Big Smoke Brew Co have been in the brewing game for almost a decade, having being founded in 2014 by New Zealander Andrew Craig and Brit James Morgan. Originally located in Surbiton in the Royal Borough of Kingston upon Thames – south west London to most of us – the brewers began their business in the former stables at the back of The Antelope pub. The Antelope became the first in Big Smoke’s portfolio of pubs around London and the south of England. In recent years they’ve also spread to opening taprooms in terminals of the UK’s busiest airport – Heathrow – serving holidaymakers that apparently obligatory breakfast pint whenever you’re having an early start to your vacation.
The company now has it’s own brewing facilities in Esher, Surrey, producing unfined and unfiltered beers in casks, kegs, and cans, and even have a range of gins, helping to cement their Londoner heritage. While their previous output of beer has mostly been above 5% ABV, as with almost every brewer nowadays Big Smoke Brew Co released their first 0.5% offering, Pure Shores Pale Ale, at the end of December 2022 – just in time for the influx of nolo and sober-curious drinkers that Dry January brings us. The brewer has chosen to use both Amarillo and Celeia hops in this pale; Amarillo will be a familiar name for many of our readers, but this is the first mention of Celeia hops to my knowledge. Celeia is a Slovenian hop which is the result of cross-breeding Styrian Golding, Aurora and wild hops, producing a plant that is mainly used for it’s aroma, and which is meant to impart both citrus and floral characteristics. However, from my research it appears the hop is not widely used and is only grown in small quantities – the commercial desire is just not there it seems. So if nothing else, it’ll be interesting to see what Big Smoke has managed to get out of this rare hop.
The beer pours a clear golden colour, with plenty of steady streams of bubbles visible. A short-lived frothy white head is produced as we pour, but this is soon merely an accumulation of bubbles here and there around the edge of the glass. There seems to be very little aroma to the beer, a clean background of malt, with maybe a hint of citrus far off in the distance. So much for the Celeia-powered floral and citrus.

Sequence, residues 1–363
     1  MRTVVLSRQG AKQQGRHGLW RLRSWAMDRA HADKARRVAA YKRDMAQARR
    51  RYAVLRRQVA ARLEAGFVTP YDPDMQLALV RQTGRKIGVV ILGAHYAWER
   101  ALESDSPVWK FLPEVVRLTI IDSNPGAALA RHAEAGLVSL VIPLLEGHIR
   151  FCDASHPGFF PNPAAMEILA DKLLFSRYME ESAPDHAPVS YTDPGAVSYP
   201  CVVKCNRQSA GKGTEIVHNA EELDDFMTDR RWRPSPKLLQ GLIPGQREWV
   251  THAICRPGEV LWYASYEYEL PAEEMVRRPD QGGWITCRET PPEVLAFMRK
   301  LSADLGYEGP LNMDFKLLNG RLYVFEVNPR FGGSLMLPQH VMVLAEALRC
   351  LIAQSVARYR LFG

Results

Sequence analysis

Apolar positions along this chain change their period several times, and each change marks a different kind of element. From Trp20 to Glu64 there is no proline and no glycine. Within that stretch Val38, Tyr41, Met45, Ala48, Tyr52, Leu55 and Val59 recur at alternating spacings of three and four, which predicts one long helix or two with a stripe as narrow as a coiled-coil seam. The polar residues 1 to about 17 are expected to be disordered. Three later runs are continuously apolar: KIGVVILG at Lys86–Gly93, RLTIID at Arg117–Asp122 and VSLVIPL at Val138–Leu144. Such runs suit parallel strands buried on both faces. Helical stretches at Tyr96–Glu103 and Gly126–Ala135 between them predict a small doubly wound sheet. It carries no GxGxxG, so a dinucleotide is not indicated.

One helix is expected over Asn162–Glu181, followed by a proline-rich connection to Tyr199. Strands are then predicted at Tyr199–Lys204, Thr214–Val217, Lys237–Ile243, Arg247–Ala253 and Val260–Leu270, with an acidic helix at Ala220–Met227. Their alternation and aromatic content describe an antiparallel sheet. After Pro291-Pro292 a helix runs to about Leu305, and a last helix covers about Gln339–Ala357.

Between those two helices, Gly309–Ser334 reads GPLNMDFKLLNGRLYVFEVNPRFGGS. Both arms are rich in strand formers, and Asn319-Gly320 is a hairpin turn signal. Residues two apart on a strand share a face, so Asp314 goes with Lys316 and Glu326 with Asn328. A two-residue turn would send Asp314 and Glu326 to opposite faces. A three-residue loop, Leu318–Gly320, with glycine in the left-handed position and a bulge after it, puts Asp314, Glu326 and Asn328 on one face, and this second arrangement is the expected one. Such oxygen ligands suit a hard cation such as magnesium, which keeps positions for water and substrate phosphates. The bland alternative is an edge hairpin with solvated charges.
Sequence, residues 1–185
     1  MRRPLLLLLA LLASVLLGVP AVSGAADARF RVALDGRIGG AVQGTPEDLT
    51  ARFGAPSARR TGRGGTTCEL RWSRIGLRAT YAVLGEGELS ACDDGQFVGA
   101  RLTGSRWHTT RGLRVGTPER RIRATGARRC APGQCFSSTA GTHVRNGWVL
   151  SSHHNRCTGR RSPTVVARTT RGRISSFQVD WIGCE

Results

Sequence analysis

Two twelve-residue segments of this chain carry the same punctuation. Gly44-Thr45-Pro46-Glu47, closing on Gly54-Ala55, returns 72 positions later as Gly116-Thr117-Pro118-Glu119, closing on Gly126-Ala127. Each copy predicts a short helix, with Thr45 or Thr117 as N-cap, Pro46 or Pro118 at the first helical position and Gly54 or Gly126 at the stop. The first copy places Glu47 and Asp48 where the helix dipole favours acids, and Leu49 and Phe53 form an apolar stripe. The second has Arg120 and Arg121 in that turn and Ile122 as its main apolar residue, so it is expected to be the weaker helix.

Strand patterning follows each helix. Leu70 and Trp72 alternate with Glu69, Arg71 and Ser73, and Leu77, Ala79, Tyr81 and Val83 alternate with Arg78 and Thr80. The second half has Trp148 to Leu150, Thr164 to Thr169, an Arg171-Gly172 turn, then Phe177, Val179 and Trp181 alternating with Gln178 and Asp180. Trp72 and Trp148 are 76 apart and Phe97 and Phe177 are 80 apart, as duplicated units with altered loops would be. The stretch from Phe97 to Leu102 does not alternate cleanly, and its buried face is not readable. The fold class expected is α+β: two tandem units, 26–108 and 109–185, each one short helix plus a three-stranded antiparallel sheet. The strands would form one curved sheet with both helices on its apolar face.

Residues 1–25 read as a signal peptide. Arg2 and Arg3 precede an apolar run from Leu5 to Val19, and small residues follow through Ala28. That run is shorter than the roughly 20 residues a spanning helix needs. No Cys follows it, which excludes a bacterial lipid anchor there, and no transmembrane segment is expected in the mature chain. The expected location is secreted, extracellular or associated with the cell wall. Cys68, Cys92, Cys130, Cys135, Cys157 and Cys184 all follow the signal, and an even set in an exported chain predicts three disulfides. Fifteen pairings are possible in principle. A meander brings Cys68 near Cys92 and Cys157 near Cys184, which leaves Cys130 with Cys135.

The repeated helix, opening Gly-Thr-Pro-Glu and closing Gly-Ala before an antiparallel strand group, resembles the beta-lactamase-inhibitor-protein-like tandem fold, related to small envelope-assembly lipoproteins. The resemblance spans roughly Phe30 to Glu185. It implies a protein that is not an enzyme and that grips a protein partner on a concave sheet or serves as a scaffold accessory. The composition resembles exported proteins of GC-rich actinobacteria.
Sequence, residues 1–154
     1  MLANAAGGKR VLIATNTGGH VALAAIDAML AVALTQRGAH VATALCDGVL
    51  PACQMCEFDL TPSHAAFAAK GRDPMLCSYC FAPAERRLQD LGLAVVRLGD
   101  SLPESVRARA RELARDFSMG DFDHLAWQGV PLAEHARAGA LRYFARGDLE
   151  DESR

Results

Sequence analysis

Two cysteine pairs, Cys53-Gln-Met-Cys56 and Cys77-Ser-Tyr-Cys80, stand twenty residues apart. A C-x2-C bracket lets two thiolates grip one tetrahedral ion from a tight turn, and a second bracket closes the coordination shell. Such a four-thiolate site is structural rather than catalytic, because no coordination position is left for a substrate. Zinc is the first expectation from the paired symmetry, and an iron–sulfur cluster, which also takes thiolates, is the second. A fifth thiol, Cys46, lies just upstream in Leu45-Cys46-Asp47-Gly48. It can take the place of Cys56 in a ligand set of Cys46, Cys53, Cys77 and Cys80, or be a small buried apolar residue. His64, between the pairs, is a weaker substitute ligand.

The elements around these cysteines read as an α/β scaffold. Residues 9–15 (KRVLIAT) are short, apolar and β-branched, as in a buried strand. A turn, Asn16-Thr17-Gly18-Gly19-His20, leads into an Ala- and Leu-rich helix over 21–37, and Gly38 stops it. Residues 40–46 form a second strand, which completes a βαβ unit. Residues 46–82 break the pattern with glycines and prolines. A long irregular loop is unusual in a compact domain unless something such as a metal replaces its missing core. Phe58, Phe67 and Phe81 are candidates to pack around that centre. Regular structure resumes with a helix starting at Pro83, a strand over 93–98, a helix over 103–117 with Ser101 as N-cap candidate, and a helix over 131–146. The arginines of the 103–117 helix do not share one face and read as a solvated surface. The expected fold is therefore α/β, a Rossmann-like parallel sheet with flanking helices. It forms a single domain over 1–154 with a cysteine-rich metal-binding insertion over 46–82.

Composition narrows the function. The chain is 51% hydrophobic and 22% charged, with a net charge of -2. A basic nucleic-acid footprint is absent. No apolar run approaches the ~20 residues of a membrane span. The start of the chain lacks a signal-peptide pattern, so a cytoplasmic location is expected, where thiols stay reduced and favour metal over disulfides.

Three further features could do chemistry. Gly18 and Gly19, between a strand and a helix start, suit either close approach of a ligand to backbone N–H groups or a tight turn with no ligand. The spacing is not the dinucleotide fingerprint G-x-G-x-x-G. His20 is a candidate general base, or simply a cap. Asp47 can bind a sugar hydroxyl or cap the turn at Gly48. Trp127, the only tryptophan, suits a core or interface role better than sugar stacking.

If the aroma was disappointing, I’d say the taste of the beer leaves a similar impression. There really is very little flavour to it. A malty background, some hints of citrus, a touch of resinous pine, maybe something slightly savoury in the background, but really nothing else, and all very muted. The opposite of a Spın̈al Tap amplifier. The carbonation is at a medium level, but the mouthfeel is rather watery. The finish is short and, well, wet.
Big Smoke Brew Co Pure Shores Pale Ale does not amount to much. The initial look is promising, but the aromas and tastes are mere ghosts of what they could be. From the lack of hops present in the flavour of the beer, I think the brewer could have easily sold this as a lager and we’d be none the wiser. A real disappointment.
Buy Pure Shores Pale Ale
Big Smoke Brew Co run a number of bars and tap houses where I believe Pure Shores Pale Ale is available on tap – maybe it’s better that way than in a can? Nevertheless, you can also buy it online:
|Nutritional Information (per 100ml, taken from the side of the can)|
|Additional nutritional information not given. Boo, hiss!|
|Water, Malted Barley, Oats, Wheat, Hops, Yeast|
|Country of Production||United Kingdom|
|Brewer||Big Smoke Brew Co – https://www.bigsmokebrew.co.uk/|
Pure Shores Alcohol-Free Pale Ale Review
Very disappointing and lacking in aroma and flavour. Pale in every sense except the colour.